The Belt of Truth and the Breastplate of Righteousness

“Stand therefore, having your loins girded with truth, and having put on the breastplate of righteousness” Ephesians 6:14


Paul patterns the armor of the Christian after the equipment of the Roman soldier. This equipment was designed both for defense and for offense. One of the parts was the girdle or belt to which other pieces of the armor were attached. The belt held things together, gave necessary reinforcement and support, and afforded a feeling of firmness and compactness.

The Christian soldier, says the apostle, must be braced with the belt of truth. We can easily understand how the Christians in Ephesus interpreted that. Ephesus was a very wicked and worldly city. Enemies of the Gospel thronged the streets. The temple of Diana dominated the city and represented a popular religion that permitted all kinds of immorality. In such a discouraging and unfriendly environment the Christian believer was expected to hold himself together with firmness and conviction. That is sometimes a difficult thing to do even when one lives in a relatively Christian community, exposed to just the ordinary influences of the world. How much more difficult it must have been for the believers in Ephesus. “Gird your loins with truth,” is the advice of the apostle.

That is how we can maintain our stability amid the moral laxity and spiritual hostilities of our day. In our civilization the enemies of God’s truth come to our very doors, peddling their pamphlets and books that contain a counted it revelation. They are clever, subtle, and insistent on a hearing. Recently a housewife in my congregation had such a delegation at her door. But she was not to be deceived. Courageously she quoted Scripture to them, and finally they left without having prevailed over her. She had met their perversions with the truth!

“Gird your loins with the truth.” That does not mean simply that we must pay our respects to some general moral principles of decency and convention. The apostle’s appeal goes deeper than that. We must be braced with the whole counsel of God. The truth must possess us, encompass us!

It is an appeal that carries special urgency to our young men in military service. Only those who have been in the service know what a trial of faith that can be. To them we say, Wear the truth! Face every task, every temptation, in the vigor of truth’s bracing grip. God’s Word, prayerfully read and studied, will supply you with storm-proof consistency and conviction.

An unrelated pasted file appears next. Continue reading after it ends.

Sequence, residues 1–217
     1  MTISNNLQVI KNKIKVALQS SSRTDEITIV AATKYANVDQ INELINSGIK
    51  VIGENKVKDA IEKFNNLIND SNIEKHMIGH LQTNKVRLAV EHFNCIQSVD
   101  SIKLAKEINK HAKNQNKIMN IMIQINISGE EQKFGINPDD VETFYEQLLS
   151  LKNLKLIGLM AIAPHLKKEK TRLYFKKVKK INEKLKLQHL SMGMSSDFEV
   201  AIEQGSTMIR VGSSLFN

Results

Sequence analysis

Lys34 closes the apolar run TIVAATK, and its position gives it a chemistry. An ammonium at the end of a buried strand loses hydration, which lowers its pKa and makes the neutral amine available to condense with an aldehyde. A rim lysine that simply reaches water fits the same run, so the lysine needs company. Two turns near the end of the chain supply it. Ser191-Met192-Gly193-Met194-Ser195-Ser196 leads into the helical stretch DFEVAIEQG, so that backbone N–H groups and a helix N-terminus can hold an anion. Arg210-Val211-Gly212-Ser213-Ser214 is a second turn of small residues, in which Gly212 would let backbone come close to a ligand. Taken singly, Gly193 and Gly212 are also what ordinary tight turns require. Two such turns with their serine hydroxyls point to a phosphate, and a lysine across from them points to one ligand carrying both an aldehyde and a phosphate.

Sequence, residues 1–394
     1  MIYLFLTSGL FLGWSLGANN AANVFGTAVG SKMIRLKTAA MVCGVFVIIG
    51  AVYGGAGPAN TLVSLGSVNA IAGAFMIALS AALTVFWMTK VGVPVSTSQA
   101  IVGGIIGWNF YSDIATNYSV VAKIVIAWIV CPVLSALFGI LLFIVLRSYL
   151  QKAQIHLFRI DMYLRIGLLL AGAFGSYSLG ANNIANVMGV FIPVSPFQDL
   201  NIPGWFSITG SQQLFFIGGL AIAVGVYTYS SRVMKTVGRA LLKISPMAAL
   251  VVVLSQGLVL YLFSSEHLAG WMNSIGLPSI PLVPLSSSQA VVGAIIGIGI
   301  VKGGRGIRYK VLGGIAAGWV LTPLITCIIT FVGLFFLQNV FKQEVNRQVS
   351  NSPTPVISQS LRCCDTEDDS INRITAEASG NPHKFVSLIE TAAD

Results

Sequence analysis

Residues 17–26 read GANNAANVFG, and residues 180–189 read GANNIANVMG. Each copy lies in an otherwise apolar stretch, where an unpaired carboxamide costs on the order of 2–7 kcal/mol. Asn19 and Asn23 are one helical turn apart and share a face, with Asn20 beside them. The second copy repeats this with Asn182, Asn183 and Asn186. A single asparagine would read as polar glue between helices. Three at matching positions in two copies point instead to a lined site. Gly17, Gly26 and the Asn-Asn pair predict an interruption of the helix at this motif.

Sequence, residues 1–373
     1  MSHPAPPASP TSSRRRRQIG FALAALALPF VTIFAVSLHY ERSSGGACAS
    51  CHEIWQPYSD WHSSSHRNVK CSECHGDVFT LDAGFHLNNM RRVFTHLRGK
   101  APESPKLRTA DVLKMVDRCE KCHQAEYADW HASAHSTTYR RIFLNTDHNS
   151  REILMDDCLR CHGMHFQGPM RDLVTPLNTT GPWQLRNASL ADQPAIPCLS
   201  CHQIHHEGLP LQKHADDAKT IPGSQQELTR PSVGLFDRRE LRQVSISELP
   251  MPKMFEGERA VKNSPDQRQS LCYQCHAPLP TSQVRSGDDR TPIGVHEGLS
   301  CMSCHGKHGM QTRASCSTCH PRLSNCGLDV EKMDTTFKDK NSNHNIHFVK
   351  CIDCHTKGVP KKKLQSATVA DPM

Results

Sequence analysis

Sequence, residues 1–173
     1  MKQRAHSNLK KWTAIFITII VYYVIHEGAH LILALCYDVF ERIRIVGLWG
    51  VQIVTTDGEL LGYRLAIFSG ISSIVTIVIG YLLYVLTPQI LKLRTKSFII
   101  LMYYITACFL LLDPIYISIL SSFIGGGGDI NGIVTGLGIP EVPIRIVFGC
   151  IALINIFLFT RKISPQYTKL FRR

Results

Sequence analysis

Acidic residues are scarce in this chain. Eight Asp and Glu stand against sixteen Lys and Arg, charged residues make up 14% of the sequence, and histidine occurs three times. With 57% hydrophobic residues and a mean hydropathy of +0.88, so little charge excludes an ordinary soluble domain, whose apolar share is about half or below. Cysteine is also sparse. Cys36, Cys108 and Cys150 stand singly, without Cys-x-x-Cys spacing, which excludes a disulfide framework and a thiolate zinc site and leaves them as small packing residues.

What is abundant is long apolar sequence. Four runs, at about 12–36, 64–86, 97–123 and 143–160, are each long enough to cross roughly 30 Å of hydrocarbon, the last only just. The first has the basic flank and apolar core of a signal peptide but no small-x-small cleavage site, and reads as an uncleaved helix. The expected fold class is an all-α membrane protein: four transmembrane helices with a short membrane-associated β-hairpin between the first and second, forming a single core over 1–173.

How much we all need to pray, “Holy God, amid the confusions and conflicts of our day we can be strong and persevering only as we are sustained by thee. Give us fire-proof faith; feed us with truth; bless us with large measures of spiritual power so that defeat and capitulation may never disgrace our Christian profession.”

“And having put on the breastplate of righteousness.” The breastplate of a Roman soldier was important because it protected that part of his body which contained vital organs. It was a sort of vest, often made of metal plate, protecting the back and the hips as well as the breast. Paul relates this to our spiritual warfare by saying that righteousness is a protecting garment.

What is this righteousness? Is it the inwrought righteousness that exhibits itself in a life of sanctification? Without doubt, the element of personal godliness has its place in the counsel Paul here gives us. But there is something prior to that which must be seen first, and without which the appeal for personal integrity and rectitude would be altogether irrelevant. We must be protected by the righteousness of Christ imputed to us and received by faith alone (cf. Romans 4). That is more than moral rectitude. It is more than integrity and uprightness. It is all that, to be sure, but only because it is first of all something else,—the righteousness of Christ. Apart from the merits of Christ our righteousness is carnal security.

Jesus, thy blood and righteousness

My beauty are, my glorious dress,

Midst flaming worlds in these arrayed,

With joy shall I lift up my head. To this imputed blessing there must be added outward conformity. God intends that it shall be the most practical thing in our conduct.

There is a covering of respectability which many people fabricate for themselves, which is not part of the armor of God. It is that outward respectability of which the Pharisees were proud. Look at the Pharisee in Luke 18:11. In his self-esteem he appears to be in need of nothing. He believes in the doctrine of human depravity so far as ti,e publican is concerned, but as for himself he is grateful that he is not “as the rest of men.” No wonder the Pharisees hated Christ when he told them so plainly what they really were in the eyes of God.


O Lord, it is only by thy grace that we have so sure a defense in our spiritual warfare. Help us ever to rest wholly on thy righteousness. Amen.